Monday, March 5, 2018

BS 0.2 - Get Spouse on "Same Page"

If you're like me, you're ready for Spring!  All the snow and bitter cold this past week has me yearning for warmer temperatures and sunnier days.  Oh well... let's turn our attention again to accomplishing our financial goals and the Baby Steps we started following last week.  In case you haven't read the first two blogs on the Baby Steps, take a few minutes to read through them. 

We're starting with the "unofficial" Baby Step 0, which is to commit. First, commit to never borrowing money again (except to buy a house), and second, commit to talking to your spouse and getting on the same page in terms of your goals and how you're going to accomplish them.

Why is this important?  Some believe that, even though they are married, finances are still separate.  Debts are separate, incomes are separate, bills are separate.  In a marriage, however, two become one. "That is why a man leaves his father and mother and is united to his wife, and they become one flesh" Gen. 2:24.  Therefore, there is no "his" and "hers" with finances - it's our fiances... our income... our debt... our budget... our financial dream... our life together.

I love this quote from DR, "Marriages are either growing together or growing apart... when we're sharing our goals, we're sharing our lives."

An important point that Dave Ramsey points out is that, ladies, if your family is struggling financially, your husband's self-esteem is suffering, and even more so if he is self-employed. Gentlemen, if your family is struggling financially, your wife is feeling afraid and insecure.
The main thing that men get from money is esteem, and the main thing for women is security. It is important to know this and recognise this as you go through your life-long financial "adventure" together.  Make sure you discuss your thoughts and feelings when times are tough, like when unexpected big expenses, job losses, or when dreams are dashed.

Start here: give each other a hug. You're in this together.  For better or worse, for richer or poorer. Next, make a list of everything you can sell to put towards building an emergency fund or paying off debt (we'll discuss these steps in BS 1 and 2).  Make a plan of how your going to get your finances in order and start working and living towards your dreams together.  Hint: take a look at the overview of the Baby Steps; you can probably take a guess at which Baby Step you're in, or where you need to start.  Once you have a plan in place and take ACTION, men, your self-esteem will strengthen, and ladies, your feeling of security will increase.

The following questions will help you to begin to understand each other's thoughts surrounding some of the issues in each question... by the way, you don't have to have the answers to all of these or know how you're going to accomplish them at this point.

Questions to consider:
*Do both partners need or want to work? Is part-time possible, or is full-time necessary?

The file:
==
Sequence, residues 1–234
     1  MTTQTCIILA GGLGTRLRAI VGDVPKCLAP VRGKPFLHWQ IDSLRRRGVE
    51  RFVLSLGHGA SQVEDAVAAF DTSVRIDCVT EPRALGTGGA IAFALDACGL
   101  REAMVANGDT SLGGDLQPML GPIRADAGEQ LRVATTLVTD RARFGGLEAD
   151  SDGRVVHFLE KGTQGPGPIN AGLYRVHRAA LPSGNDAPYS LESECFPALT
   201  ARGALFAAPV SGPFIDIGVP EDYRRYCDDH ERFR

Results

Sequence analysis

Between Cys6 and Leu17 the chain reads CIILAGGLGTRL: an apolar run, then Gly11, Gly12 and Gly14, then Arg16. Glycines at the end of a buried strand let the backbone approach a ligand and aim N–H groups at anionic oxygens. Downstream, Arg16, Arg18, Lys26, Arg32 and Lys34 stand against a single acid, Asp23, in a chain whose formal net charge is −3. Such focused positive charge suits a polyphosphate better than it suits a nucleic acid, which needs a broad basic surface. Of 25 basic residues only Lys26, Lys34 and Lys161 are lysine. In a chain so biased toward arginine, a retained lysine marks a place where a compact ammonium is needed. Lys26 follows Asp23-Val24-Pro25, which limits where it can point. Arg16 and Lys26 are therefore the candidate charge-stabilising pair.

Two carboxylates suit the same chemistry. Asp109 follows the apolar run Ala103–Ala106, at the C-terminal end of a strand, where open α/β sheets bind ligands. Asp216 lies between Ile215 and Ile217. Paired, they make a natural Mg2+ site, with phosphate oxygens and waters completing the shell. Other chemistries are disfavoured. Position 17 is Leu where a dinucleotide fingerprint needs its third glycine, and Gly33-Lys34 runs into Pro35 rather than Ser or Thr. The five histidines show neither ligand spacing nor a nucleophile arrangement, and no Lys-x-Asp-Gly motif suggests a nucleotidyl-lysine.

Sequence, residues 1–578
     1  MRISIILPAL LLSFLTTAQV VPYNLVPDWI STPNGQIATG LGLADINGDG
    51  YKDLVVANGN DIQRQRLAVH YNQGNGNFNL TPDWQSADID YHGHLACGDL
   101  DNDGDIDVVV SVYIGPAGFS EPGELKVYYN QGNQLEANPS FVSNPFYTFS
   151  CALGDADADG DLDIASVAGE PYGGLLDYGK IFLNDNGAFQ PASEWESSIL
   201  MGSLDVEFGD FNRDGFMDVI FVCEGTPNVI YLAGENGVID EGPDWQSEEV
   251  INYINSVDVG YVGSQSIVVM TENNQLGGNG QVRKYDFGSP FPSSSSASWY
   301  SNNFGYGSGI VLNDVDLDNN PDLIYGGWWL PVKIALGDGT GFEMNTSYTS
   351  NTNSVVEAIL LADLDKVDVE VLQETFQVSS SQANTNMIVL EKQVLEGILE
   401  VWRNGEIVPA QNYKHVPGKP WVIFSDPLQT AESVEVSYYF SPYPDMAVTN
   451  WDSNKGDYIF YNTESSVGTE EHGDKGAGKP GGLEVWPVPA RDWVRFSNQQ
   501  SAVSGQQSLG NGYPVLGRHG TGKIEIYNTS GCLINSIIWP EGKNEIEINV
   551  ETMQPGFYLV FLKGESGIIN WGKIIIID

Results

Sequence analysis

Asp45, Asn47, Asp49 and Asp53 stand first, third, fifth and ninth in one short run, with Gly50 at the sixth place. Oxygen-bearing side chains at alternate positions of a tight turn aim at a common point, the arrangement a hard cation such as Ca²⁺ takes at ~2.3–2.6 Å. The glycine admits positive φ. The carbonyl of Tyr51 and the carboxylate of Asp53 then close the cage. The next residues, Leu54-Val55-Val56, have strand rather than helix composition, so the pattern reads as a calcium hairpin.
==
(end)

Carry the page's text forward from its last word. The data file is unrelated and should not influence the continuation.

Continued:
*How soon do we want to purchase a house? A new car?  Our next holiday? A new piece of furniture?
*Do I need to get permission for every penny I spend or is there some leniency?  What if I want to buy something for myself (that no one else in the family benefits from)?
*How soon do you want to pay off debt? And the car loan? And the mortgage?
*Do we want to help financially support our children through university? If so, how much? Some of it or all of it?
*How do we see ourselves living in retirement?
*What changes do we need to make to make this happen?

What if you're not married?  If you're single, find someone who will act as a mentor, someone you can trust to work with you and encourage you.  This may be a friend or family member, someone from your church or maybe even me. I am more than willing to help in any way I can; please just let me know.

You may be wondering about how my husband and I handle our finances, and I'd be glad to tell you.  Our finances are completely combined.  At the start of every month, we compare budgets for the upcoming month.  We talk very openly about our expenditures, concerns and goals.  If one of us wants to buy something, we discuss it first, no matter the cost.  We agree on our short- and our long-term goals: to buy a new-to-us 7-seater/ mini-van (in American) with cash, to take a family holiday to Disney World paid for in advance, to pay for most or all of our daughters' university, to pay off our mortgage as soon as we can - which is many years away - all while giving generously.

Has it always been this way?   From very early on in our relationship, we discussed finances and money, but we agree, that we have improved greatly over the years in the way we budget and decide how and when to spend money.  Because personal finance and saving money are my interests, Jeff usually goes along with the suggestion that I have, though we always discuss things before we do them. Is there room for improvement? Always, but I believe we're working together really well to accomplish our financial goals.

It is not only great for your finances, but also great for your marriage, to be working together to accomplish your financial goals, too.

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